HOW TO AVOID FLIPPING OFF YOUR YOGA TEACHER

By: Bryan Nixon, MA, LPC


No emotion is permanent.

I just wrote those words, but I don’t always believe them in the moment. I was doing yoga last week and felt a surge of anger mixed with fear course through my body from the tips of my toes to the top of my head. I was convinced that the yoga teacher, in a large class of about 70 people, was trying to kill me. Just me. My reptilian brain kicked into high gear and fight or flight were my only options. I considered flipping the teacher the bird, clearly a fight response, but fortunately I had a millisecond of clarity and instead chose to take child’s pose. My body, no longer in a God-forsaken contorted position, finally calmed down and my grown up brain came back online.

Emotions are like energy. Some would argue that they are, in fact, energy. Energy moves in waves. Likewise, the intensity of an emotion has a beginning, middle and end. Picture a bell curve with an initial rise in intensity, an eventual plateau of intensity and then a decline in intensity.  We tend to have a difficult time simply riding the wave, particularly when the emotion is an unpleasant one. Think about how you deal with times of grief, sadness, fear, disgust, shame and anger. Anger is particularly difficult to allow for those of us who live in West Michigan, am I right?!

Sidenote: anger is a feeling not a behavior. We often confuse violent behavior with anger, which is why we typically try to stuff our anger down deep. I would argue that violent behavior is actually the result of one’s inability to tolerate one’s own anger in a healthy and mindful way.

With difficult emotions we tend to experience aversion, which is most simply defined as a strong sense of dislike or disapproval. Aversion often shows up like a clutched fist attempting to resist, fight off, or numb unwanted or unpleasant emotions. Who could blame us for not wanting to feel these difficult emotions and trying to avoid, ignore or eliminate them?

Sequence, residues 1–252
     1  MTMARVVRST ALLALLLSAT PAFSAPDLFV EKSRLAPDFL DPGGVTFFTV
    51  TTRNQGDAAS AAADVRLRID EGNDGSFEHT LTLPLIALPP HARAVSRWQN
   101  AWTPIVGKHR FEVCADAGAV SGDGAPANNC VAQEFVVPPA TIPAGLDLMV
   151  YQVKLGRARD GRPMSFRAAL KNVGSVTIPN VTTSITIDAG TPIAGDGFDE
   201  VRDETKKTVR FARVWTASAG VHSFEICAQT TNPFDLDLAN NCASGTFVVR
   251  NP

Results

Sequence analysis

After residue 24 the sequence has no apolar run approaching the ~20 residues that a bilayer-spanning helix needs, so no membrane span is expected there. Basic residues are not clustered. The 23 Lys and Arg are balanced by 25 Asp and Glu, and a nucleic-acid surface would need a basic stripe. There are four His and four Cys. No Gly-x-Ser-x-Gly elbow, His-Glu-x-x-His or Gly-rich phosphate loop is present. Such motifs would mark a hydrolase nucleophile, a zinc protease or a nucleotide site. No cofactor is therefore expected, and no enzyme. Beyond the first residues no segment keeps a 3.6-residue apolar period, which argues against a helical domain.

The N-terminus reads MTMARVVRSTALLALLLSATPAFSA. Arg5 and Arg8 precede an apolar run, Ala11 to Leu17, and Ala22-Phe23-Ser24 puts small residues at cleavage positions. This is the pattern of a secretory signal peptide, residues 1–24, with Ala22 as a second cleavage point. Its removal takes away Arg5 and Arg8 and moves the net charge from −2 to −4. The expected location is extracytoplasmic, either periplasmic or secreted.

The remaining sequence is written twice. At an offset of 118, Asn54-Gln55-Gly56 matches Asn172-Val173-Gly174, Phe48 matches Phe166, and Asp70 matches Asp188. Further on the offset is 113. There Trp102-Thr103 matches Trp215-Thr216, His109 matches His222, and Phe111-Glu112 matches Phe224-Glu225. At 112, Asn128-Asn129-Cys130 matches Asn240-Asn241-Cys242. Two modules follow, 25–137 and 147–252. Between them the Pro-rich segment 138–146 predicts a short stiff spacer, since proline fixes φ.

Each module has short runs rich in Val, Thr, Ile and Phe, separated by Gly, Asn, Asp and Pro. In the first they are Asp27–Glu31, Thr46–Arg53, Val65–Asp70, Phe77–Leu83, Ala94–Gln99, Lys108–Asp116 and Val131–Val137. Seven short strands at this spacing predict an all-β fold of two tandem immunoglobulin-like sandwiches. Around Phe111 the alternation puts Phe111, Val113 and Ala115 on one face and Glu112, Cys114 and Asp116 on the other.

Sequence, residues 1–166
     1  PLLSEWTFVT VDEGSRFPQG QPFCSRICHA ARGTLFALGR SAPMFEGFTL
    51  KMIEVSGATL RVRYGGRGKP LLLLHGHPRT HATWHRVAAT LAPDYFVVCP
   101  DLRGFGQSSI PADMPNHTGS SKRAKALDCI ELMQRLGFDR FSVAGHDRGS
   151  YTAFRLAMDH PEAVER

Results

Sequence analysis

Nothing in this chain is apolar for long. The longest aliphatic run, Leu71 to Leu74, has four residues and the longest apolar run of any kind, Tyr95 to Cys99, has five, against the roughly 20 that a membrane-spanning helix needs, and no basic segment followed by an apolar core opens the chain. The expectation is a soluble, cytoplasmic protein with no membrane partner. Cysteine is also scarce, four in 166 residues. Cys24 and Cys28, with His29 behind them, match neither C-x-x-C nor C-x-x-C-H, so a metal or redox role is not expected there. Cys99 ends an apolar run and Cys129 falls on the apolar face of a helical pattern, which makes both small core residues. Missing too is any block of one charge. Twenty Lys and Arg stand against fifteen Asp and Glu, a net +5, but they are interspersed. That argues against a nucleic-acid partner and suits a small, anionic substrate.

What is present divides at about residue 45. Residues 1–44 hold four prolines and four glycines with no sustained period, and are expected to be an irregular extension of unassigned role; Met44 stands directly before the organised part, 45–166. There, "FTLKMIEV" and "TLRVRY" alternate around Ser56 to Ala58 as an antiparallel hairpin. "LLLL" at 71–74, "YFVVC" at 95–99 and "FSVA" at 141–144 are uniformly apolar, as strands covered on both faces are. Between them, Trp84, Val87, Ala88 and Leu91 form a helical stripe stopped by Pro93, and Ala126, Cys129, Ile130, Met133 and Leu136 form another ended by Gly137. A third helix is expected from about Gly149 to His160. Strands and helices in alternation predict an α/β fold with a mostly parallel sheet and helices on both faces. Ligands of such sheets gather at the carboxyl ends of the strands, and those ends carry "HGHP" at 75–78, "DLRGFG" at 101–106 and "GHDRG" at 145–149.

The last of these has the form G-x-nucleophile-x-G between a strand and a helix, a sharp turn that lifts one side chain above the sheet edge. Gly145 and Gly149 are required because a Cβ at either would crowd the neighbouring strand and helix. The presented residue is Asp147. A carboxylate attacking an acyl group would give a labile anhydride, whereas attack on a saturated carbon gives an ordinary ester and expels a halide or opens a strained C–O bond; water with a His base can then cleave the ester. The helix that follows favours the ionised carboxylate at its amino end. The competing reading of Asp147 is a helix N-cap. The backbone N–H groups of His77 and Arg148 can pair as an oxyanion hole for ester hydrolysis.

The dilemma is that when we give in to aversion it disrupts the natural flow of the wave of intensity and leads to deeper suffering because, as the saying goes, “when we resist our emotions, they go down into the basement to lift weights,” and they pop back up later stronger than before and usually at the worst time imaginable. Have you seen this in your life? I know I have!

It’s not just the difficult emotions that we struggle to simply ride the wave with. We often react to pleasant emotions, i.e., joy, delight, awe, with a sense of attachment because we like the way they feel. Attachment is like a white-knuckled hand attempting to grasp and cling to desirable and pleasant emotions in an attempt to make them stay. Again, who could blame us for wanting the good stuff to stick around?

The dilemma here is that this also leads to deeper suffering because the emotion will eventually leave in spite of our best efforts to make it a permanent state of being. When the pleasant emotions leave we often interpret that to mean that we have done something wrong.

 

Stop shoulding on yourself!

When it comes to our emotional experiences we are flooded with shoulds and shouldn’ts. We inherit these from our families, our communities, our churches, culture at large…you get the picture. They usually go something like this, “You should be happy. Look at how good you’ve got it,” or, “You shouldn’t be angry. That’s not very Christian of you,” or, “You shouldn’t be sad. Just suck it up and get over it.”

The shoulds and shouldn’ts get embedded deeply into our psyches and make us feel crazy because we can’t choose which emotions to experience. They are what they are. So we are in a bind when our embedded shoulds and shouldn’ts don’t jive with our actual emotional experiences as they arise.

We can, however, learn to choose what type of relationship we will have with our emotions when they arise. See Rumi’s poem, The Guest House, as referenced in a previous post, for a beautiful picture of what a healthy relationship with our own emotions can be like without the shoulds and shouldn’ts.

Rumi paints a picture of a third way of relating to our emotional experiences. It is the way of acceptance. Acceptance is like an open hand that allows the coming and going of each experience without aversion or attachment. We can notice our emotions and the physical sensations that come with them. We more easily release the shoulds and shouldn’ts and embrace the reality that how we are feeling in this moment is how we are feeling in this moment, and we can begin to give the emotion permission to be here.  When we do this we actually reduce the amount of suffering we experience both when unpleasant emotions are present and when pleasant emotions depart.

In addition to reducing suffering, acceptance allows us to experience our emotions as guides and teachers into deeper authenticity and self-understanding. This, in turn, helps us to show up in our lives in more intentional and meaningful ways. Also, it might just help you avoid flipping your yoga teacher the bird!